The Problem with Thick Fur

Because the fur of this small animal is so warm and luxuriant, and because it takes about 100 chinchilla pelts to make one fur coat, they were hunted almost to extinction to supply pelts for the fashion industry.

This thick fur can also be an issue for pet owners. Chinchillas are prone to heat stroke and cannot tolerate temperatures about 80 degrees Fahrenheit. These animals do not tolerate humidity. If their fur gets damp it may develop fur rot.

To prevent this health issue chinchillas should have dust baths and never be bathed in water.

And the Good Things about Thick Fur Are ….

Fur Facts About Chinchillas

Photo: Emily Neef/Flickr

Because their fur is so thick they rarely get fleas or other parasites. Chinchillas rarely shed, and are considered hypoallergenic. Their fur feels absolutely wonderful when you stroke it.

Chinchillas make cute pets. Not only they are highly sociable, active and entertaining little creatures that can live between 16 and 20 years, but their wonderful fur also adds to their cuteness.

Why You Should Never Wash Your Chinchilla

Photo: Zuvieh S.F./Flickr

Photo: Zuvieh S.F./Flickr

Chinchilla fur is extremely dense. While it feels wonderful to stroke, it also presents a unique challenge for you as a pet owner. You want to keep your pets clean, but if you bathe them in water their fur will not dry out properly. This will create a warm, moist environment for mold and mildew. With this beauty routine you put your chinchillas at risk of developing fur rot.

In their natural environment in the cold high Andes mountains wild chinchillas avoid water, which could freeze on their fur. Instead, they bathe by rolling in volcanic dust.

How Do I Bathe My Chinchillas?

You should purchase special commercial chinchilla bath from the pet store. It should be of a coarse consistency, like sand, rather than fine and dusty. If the bathing material is too fine, it could irritate both your chinchillas and the humans in your household.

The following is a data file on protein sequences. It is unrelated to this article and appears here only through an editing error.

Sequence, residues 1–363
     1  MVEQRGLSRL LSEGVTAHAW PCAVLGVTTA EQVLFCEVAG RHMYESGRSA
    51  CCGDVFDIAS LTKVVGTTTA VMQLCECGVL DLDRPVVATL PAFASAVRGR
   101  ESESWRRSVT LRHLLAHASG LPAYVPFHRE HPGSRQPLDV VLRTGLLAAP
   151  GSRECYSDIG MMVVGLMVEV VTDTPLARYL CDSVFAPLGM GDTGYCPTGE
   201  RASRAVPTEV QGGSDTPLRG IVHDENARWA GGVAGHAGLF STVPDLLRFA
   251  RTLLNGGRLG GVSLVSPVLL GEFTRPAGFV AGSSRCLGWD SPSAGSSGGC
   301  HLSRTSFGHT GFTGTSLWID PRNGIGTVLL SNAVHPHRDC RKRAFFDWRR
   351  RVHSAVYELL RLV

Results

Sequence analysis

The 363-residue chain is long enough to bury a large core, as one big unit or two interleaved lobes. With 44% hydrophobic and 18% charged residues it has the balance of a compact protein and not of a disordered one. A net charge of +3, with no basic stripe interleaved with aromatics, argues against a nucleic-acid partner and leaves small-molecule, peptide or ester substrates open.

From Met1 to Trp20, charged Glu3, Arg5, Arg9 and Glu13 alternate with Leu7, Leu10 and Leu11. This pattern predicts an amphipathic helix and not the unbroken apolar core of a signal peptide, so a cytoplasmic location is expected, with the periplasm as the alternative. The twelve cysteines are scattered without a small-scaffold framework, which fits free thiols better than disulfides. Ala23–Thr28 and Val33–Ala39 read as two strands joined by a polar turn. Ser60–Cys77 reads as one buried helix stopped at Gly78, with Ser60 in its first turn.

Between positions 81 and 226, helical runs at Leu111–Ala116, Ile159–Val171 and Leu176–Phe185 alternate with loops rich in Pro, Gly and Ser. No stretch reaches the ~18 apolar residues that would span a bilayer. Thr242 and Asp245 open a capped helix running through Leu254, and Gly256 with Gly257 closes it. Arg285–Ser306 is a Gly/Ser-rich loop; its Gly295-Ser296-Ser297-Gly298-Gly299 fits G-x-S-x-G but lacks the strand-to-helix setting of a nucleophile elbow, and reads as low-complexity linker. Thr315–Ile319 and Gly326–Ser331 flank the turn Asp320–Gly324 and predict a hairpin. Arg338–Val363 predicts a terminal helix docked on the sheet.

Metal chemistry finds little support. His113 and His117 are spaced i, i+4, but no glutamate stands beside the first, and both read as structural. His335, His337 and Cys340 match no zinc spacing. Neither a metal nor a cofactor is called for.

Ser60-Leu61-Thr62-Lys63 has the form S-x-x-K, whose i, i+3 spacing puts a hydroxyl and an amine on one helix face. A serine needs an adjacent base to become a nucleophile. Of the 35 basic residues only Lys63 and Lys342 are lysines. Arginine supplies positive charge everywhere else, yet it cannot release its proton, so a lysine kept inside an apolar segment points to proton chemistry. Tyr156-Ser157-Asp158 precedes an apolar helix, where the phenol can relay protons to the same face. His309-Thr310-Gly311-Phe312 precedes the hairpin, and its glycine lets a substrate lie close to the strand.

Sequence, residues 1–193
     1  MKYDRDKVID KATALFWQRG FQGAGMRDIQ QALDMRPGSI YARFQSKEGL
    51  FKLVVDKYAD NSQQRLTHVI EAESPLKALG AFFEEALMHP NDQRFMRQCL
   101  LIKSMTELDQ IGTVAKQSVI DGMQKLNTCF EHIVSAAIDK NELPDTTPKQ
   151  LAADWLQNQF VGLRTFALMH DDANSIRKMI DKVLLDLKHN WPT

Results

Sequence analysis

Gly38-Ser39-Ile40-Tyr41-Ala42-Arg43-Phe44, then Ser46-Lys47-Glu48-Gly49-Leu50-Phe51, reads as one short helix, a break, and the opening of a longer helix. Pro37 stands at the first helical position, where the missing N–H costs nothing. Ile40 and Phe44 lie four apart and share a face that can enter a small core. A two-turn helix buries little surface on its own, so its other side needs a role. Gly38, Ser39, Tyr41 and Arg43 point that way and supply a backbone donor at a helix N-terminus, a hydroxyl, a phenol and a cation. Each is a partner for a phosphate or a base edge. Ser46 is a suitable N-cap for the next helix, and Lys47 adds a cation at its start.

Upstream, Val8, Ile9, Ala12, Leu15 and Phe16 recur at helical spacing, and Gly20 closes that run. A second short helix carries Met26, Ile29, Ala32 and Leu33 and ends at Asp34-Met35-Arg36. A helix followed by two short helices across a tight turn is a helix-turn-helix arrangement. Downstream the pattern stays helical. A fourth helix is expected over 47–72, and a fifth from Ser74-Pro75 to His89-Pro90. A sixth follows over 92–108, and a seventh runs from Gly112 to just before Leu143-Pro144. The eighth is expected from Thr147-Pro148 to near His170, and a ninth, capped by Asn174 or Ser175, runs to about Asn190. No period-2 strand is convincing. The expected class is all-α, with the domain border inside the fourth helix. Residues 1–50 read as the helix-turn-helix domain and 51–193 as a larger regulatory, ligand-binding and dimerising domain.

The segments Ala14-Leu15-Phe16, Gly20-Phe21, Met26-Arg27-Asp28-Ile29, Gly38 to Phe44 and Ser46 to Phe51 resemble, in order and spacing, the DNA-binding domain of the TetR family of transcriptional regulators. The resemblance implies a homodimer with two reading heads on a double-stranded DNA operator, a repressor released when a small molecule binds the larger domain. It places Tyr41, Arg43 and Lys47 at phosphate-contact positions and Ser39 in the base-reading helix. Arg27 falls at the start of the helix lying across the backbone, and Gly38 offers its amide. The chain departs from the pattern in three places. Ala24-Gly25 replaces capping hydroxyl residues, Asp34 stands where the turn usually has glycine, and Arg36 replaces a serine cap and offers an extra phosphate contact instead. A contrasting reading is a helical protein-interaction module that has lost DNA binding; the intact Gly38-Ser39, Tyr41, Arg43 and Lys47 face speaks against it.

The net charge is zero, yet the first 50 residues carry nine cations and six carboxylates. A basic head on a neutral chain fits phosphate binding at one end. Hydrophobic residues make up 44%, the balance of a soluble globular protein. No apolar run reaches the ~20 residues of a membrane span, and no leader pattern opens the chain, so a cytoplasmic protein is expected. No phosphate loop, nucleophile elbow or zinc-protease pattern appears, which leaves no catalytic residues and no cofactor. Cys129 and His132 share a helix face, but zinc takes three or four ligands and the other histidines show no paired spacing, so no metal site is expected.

You pets will bathe themselves. Simply place a cup or so of chinchilla dust powder in a wide, shallow container and put it in their cage for five or ten minutes. Remove their food and toys, and cover their cage with a sheet to prevent the dust from flying around. A tablespoon of baking soda mixed into the bath will absorb urine odors and make you chin smell sweeter.

If your chinchillas urinate in their bath throw it away and clean out the container.

In dry, cool weather your chinchillas will need to bathe a couple of times a week. However, in warm and/or humid weather they will need to bathe more frequently to help them avoid overheating.

What if My Chinchillas Do Not Want to Bathe?

Chinchillas generally learn to bathe from their older relatives. If your pet has not learned this behavior you will need to teach them by gently massaging them with dust. Once they get used to this, you can gently rolling them in the bath. Chinchillas are naturally clean and should learn quickly to enjoy their bath.

What You Need to Know About Breeding a Chinchilla

The medium-sized rodents called chinchillas can make great pets. They can be a funny companion in your household. Those who have owned these rodents love them with all the heart. Families who are searching for adopting a new pet are looking into breeding chinchillas. Before making any rush decisions, it is important to know the most important facts about this exotic animal. Breeders should have the information about chins and also how to breed them.

There are many breeds in the marketplace. It’s important to note that they have to start the reproduction process on the season.

At the Beginning…

White Chinchilla

Photo: Matthew Hopkins/

After they mate, you will definitely see a lot of hair in the breeding spot of these animals. This is a tell sign that the chins have mated since they have aggressive mating with each other, and it is not once, but severally.

This is how the chins mate. If you have never seen them you`d better do it. Here’s a basic run-through – first they would chase each other around the breeding spot and become rather edgy during the entire process. The male will be on heat and will want the chin and pull her towards himself. Once they lock, an intimate harsh mating experience happens and truth be told, the most extreme mating between the two is yet still to come.

Most people wake up and find out that the chins have lost so much hair and they start worrying. This is normal as the mating of these animals is very “engaging.”

Checking the Female`s Body

You can readily observe the chin if she is pregnant by checking its pelvic – this is the part that is near the hind legs. The breeder may notice that this zone is becoming wider by the day the chin is in the gestation period.

During the process, the owner needs to be careful especially around the female. Just like humans, the chin experiences mood swings, the same way women do whenever they are pregnant.

baby chinchillas

Photo: Klein-Hitpab/